Today's cuppa: Yorkshire Gold tea
If you've been a fan of Style Network's "Clean House" since its premiere in the fall of 2003, and especially if you've watched the previous two "Messiest Home in the Country" specials, the "Dirty Little Awards Show" and the just-completed "Search for the Messiest Home in the Country," you may think you've seen the worst of what host Niecy Nash calls "mayhem and foolishness."
I beg to differ.
Tonight, July 1, at 9 p.m. ET/PT (with repeats at that same hour on Thursday and Friday), Style premieres the two-hour special "Messiest in the Country 3," which visits the Cincinnati, Ohio, residence of Sharon Baglien, 57, a recently retired police detective, and her 20-year-old daughter, Brigitte, who made the desperate call to "Clean House" to get the junk out and transform their home.
Somehow the women got up every day and navigated around piles of stuff and expired food everywhere — the result of 30 years of shopping and hoarding — while also dealing with a non-working kitchen sink, a dripping bathroom shower with a bucket in it (in, by the way, the only bathroom) and a broken stove, dishwasher, and washer and dryer.
Oh, and the washer had overflowed at some point, soaking the giant mounds of stuff in the basement, which were still in place, along with long-expired food. At least the mice were happy.
The only thing greater than the sheer tonnage of junk stuffed into
every corner of the house, from groaning attic to packed garage to long-neglected storage unit to the basement — where, as
designer Mark Brunetz pointed out, eyes wide, "You can't even see the
walls" — is the depth and breadth of Sharon's denial.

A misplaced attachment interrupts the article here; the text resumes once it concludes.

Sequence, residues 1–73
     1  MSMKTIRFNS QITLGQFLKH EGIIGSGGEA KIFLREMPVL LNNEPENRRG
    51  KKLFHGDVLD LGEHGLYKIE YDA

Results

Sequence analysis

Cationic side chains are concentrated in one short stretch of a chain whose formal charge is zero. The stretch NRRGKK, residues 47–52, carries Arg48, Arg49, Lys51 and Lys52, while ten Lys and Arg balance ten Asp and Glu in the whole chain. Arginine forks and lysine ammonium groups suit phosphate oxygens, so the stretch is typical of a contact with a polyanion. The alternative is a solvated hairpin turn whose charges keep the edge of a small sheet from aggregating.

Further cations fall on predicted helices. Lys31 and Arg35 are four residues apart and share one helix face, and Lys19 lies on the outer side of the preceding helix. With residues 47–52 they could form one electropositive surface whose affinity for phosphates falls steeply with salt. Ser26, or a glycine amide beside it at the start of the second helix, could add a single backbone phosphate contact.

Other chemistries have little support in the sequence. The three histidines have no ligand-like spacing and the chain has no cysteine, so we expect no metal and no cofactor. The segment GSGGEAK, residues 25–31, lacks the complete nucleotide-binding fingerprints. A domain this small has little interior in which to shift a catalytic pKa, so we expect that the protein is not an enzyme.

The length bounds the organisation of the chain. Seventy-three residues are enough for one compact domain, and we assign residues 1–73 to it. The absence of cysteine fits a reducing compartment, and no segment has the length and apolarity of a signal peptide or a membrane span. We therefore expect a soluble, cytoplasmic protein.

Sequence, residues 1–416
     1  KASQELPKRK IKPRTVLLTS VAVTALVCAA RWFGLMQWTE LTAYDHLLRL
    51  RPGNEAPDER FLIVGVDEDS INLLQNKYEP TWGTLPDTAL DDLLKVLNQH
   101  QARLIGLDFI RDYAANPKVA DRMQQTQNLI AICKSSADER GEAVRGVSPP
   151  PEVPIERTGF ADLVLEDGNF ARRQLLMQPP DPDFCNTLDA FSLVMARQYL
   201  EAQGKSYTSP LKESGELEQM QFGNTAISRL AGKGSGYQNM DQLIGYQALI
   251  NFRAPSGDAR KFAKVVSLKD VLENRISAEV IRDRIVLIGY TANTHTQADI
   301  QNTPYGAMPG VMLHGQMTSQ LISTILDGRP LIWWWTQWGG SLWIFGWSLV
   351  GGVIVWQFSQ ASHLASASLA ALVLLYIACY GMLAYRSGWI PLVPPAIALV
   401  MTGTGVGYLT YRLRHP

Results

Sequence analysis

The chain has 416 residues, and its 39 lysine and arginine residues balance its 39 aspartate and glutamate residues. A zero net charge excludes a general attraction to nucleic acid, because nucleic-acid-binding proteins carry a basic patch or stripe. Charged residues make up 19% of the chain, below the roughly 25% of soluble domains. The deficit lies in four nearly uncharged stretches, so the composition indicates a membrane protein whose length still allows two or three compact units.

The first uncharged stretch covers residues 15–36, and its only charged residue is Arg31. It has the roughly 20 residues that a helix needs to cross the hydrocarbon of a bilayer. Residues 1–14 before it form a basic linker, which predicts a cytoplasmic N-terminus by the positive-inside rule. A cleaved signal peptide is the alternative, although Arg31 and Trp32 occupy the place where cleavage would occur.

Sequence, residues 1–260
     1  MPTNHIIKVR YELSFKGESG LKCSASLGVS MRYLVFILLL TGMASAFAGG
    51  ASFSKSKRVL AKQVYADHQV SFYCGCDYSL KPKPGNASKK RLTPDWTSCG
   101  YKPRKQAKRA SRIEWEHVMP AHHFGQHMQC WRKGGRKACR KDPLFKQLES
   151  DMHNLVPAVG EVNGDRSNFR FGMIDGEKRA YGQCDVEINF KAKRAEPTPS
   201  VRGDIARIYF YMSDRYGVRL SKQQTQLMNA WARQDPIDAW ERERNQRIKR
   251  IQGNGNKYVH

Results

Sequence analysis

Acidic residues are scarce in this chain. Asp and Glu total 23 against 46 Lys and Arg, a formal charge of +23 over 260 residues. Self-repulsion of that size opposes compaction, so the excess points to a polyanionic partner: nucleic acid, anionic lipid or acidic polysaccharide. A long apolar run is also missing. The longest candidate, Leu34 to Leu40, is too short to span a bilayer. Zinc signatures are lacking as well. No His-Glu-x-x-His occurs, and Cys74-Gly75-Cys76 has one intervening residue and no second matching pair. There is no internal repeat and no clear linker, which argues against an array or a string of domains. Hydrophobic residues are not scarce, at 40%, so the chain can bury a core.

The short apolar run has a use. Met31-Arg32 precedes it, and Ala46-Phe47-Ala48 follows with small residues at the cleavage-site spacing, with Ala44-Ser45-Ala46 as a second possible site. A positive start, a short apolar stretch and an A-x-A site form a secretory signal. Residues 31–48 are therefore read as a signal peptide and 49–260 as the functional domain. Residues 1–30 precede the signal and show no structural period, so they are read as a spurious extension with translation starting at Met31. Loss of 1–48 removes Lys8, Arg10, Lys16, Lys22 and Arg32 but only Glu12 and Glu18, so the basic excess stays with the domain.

"I don't believe," says Brunetz, "at any point, Sharon and especially her daughter Brigitte ever lived in a house that was orderly. It's like speaking to someone in English, but they're hearing it in Greek, and that's what makes it so difficult.
'In many ways, while we were there, we were trying to invent a new language in which to communicate with her."
Sharon Bagliens' response to questions about the state of her home usually involved a smile and the use of the word "overwhelmed" (along with a few words that will be bleeped at airtime).
"She definitely has a way of dealing with perhaps not understanding what's going on," Brunetz says. "Her veneer was just, 'I'll smile and look like everything's great.'
"The thing about Sharon, she told her own story. We really didn't have to do much. We just opened the doors and turned the cameras on and asked her some basically relevant questions, and her story was just told by virtue of how she communicated — or lack of communication — and then really what he house looked like.
"Oftentimes, you really want to dig deep into a story, but we tried, and we could only get to far. But I think, a picture speaks a thousand words. In this case, it did."
Nash — who, with Brunetz, has been with the show since the beginning — is usually firm and unflappable in the face of the most mind-boggling heaps of junk, but was reduced to tears in the basement.